Photo by Heather Middleton
By Curt Yeomans
Jonesboro High School junior, Nathan Hamblin, plans to work for a construction company as a home builder after he graduates from high school, and he is getting experience by participating in a Southern Crescent Habitat for Humanity home-build in Jonesboro this week.
On Wednesday, the 16-year-old was helping put roof trusses in place, and nailing boards together at a home-building site in the Avery neighborhood that Southern Crescent Habitat for Humanity has been slowly building out over the last year and a half.
By participating in the home-build, Hamblin is getting real-world experience for the career path he plans to pursue. And yet, Hamblin said community volunteerism, rather than gaining experience, was his motivation for participating in the project. He said this is the fourth time he has participated in a Habitat for Humanity event that involved Clayton County high school construction students.
"I'm really doing this to give back to the community for a change, rather than just receiving stuff all the time," he said.
Hamblin is one of 16 construction students, from Forest Park, Jonesboro and Lovejoy high schools, who are working on the home-building project this week. Several of the youths, including Hamblin, said they are gaining valuable experience by putting up wall frames, installing roof trusses, building a deck, and laying floor boards.
Alberta Grover, program manager for Southern Crescent Habitat for Humanity, said the organization has been partnering with Clayton County Public Schools for the last six years. She said part of the reason for the partnership is to expose the youths to community service, and the other part is to make it an educational experience for them.
High school construction students do one-week building projects in the fall, and in the spring, she said. This spring, the students are building homes that have concrete crawl spaces underneath them, which is something new for Southern Crescent Habitat for Humanity, she said. They are also working on a home that is between two other Habitat for Humanity homes that are in various stages of completion.
The youths got to watch contractors pour the concrete walls for the crawl space of a neighboring site on Monday, Grover said. She added that by week's end, students will get to observe brick masons putting up the brick exterior on a house on another neighboring site.
Lovejoy High School Construction Teacher Price Jacobs said he likes the idea of the students building a home alongside two other active construction sites. "It's been a better experience, because we can see more of what goes into building a home," he said. "The students are getting to see all aspects of construction."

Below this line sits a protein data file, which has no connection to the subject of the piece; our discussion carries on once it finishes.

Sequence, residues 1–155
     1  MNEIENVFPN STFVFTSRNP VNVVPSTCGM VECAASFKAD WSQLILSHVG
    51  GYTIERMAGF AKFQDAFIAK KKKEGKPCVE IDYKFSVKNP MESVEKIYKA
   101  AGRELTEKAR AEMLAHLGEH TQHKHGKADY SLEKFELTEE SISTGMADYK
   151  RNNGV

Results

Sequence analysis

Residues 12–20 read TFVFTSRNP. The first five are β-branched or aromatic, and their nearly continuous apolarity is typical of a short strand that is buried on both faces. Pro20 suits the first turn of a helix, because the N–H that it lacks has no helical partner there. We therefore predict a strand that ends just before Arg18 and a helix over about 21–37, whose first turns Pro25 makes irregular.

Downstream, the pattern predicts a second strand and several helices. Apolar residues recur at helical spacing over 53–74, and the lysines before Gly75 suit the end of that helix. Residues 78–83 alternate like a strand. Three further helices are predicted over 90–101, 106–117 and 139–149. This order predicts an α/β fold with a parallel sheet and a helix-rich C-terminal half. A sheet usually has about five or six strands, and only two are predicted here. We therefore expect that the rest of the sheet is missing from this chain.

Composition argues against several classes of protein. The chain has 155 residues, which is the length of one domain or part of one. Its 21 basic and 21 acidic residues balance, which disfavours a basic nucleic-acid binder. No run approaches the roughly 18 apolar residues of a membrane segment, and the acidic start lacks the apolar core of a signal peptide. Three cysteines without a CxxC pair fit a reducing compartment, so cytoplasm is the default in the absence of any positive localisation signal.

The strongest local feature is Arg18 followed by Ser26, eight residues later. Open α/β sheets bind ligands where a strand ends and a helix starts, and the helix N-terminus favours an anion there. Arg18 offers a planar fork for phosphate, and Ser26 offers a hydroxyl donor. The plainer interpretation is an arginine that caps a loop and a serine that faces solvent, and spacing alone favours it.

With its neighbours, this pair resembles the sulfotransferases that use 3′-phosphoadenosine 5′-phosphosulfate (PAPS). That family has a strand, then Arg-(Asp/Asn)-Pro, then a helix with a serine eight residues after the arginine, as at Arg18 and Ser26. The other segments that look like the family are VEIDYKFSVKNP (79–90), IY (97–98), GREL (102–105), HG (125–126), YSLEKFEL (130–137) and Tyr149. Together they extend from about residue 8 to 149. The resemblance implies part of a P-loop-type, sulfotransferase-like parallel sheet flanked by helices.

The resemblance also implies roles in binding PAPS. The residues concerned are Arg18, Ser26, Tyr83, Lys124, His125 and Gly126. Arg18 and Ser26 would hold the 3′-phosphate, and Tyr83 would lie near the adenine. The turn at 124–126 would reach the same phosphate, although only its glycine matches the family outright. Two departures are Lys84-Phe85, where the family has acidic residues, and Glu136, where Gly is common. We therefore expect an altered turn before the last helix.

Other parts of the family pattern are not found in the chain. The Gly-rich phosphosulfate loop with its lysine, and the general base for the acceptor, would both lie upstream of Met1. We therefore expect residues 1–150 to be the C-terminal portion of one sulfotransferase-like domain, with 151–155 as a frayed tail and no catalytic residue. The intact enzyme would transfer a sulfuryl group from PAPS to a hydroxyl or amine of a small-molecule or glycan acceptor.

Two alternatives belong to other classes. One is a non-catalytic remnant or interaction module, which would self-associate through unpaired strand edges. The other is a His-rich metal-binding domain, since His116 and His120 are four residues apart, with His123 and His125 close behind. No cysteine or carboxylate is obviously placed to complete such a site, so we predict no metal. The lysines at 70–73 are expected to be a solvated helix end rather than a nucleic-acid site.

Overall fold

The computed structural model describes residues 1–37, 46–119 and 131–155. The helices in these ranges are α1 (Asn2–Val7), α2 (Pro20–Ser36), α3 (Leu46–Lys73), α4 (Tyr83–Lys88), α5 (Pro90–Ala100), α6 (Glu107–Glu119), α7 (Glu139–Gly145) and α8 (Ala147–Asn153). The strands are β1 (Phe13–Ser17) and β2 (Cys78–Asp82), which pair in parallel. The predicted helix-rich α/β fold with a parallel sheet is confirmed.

Forest Park High School Construction Teacher Gerald Wread said some areas of home construction, like the pouring of a concrete foundation, are things construction teachers do not get to show their students in a classroom environment. "You can't get the experience these kids are getting here by building dog houses and sheds," Wread said.
Lovejoy senior, Jermyrius Hastings, 17, said this is his fourth Habitat for Humanity project, and he still uses it as an opportunity to learn more about the home-construction craft. Hastings said he will be studying construction management at Georgia Southern University in the fall.
He said this spring's building project has been a departure from previous builds, because of all the activity going on around the home the students are helping to build, and because the home they are building has a crawl space. "It is different [from previous builds] in a big way," he said. "Just from building up from a slab, to building up from a crawl space makes you change what you do, starting with having to build a floor over that crawl space."
Forest Park junior, Chris Bateman, 18, who is planning on being a brick mason, said participating in the build is giving him an idea of what to expect when he gets into the working world. He said this is his first time participating in a Habitat project.
"It's giving me an idea of all the work that goes into home construction," Bateman said. "A lot of care is put into building a home, because you want to get every thing right."
The high school students are not building the home by themselves, however. Each day they are at the construction site, volunteers from the Clayton County Sheriff's Office are working side by side with the youths to put up the walls, lift the roof trusses into place, and hammer nails into boards.
Clayton County Sheriff Kem Kimbrough is the vice president of the Southern Crescent Habitat for Humanity's Board of Directors, and addressed the youths, along with Clayton County Juvenile Court Judge Steve Teske, on Monday morning.
"Being that Sheriff Kimbrough was asked to speak to the students, we decided to ask deputies if they would like to volunteer some time to help build the home, and several graciously said they would," said Sheriff's Office spokesperson, Sgt. Sonja Sanchez.